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Temasek-led investor group in $250 million vaccine bet on Germany's BioNTech

FRANKFURT (Reuters) – Singapore’s sovereign wealth fund Temasek and other investors are injecting $250 million into German biotech company BioNTech, which is developing an experimental vaccine against the coronavirus with pharmaceutical giant Pfizer.

The investment, which BioNTech said was via a private placement, reflects heightened investor interest in the race to develop an agent that will stop the pandemic and sent shares in biotech firms such as Moderna and Novavax soaring this year..

BioNTech, which went public on the U.S. Nasdaq in October last year, said the investors would purchase about $139 million in ordinary shares and $112 million in 4-year mandatory convertible notes.

It has said it expects first clinical data on its COVID-19 vaccine development programme known as BNT162 this month or in July.

The transaction would increase the number of BioNTech shares outstanding by 2.6 million from 226.8 million shares as per end of March, resulting in a combined stake of 1.1% for the investor group once all notes are converted.

BioNTech, which is also working on personalised cancer vaccines, would not say how much of the total is attributed to Temasek. Temasek would also not comment.

The German company’s shares have leapt 83.4% so far this year against the Nasdaq biotech index’s 12.1%.

The investment adds to Temasek’s healthcare assets that include Singapore biotech firm and COVID-19 treatment developer Tychan, British biotech firm Orchard Therapeutics and Irish drug delivery firm Aerogen.

Life sciences and agribusiness made up 7% of Temasek’s holdings in the year to March 2019, up from 3% in the year to 2015.

BioNTech and Pfizer launched testing programmes involving humans in April and May.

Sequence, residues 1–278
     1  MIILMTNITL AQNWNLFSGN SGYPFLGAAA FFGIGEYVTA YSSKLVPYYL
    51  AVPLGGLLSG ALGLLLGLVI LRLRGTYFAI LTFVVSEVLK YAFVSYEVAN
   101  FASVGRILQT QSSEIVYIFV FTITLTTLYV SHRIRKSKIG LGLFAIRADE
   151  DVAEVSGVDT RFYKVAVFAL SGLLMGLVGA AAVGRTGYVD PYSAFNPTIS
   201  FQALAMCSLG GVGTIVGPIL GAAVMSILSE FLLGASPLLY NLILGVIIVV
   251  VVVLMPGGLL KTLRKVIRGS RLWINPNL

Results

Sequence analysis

Domestic rival vaccine developer CureVac, in which the German government is taking a 23% stake, is planning an initial public offering in the United States next month. U.S. peer Translate Bio has attracted France’s Sanofi as an investor in a deal worth as much as $2 billion.

BioNTech, which awarded the rights to BNT162 in China to Shanghai Fosun under a March collaboration deal, is competing with CureVac as well as U.S. biotech firms Moderna and Translate Bio in the race to develop messenger-RNA vaccines.

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Analysis & Comment

Indigenous teacher alleges systemic racism within the Calgary Catholic School District

After years of feeling marginalized by certain staff and administration within the Calgary Catholic School District, a teacher at Bishop O’Byrne High School is speaking out.

Paul Kuster, who is a teacher, a comedian and also a former broadcaster said a number of racist incidents within the hallways of the school have deeply impacted him.

“I’ve had enough, I need to go public. People need to know this is a very real situation,” Kuster said.

Kuster said he was motivated to come forward after attending a Calgary event showcasing the “Black Lives Matter” movement. He feels it’s time to give voice to his experiences.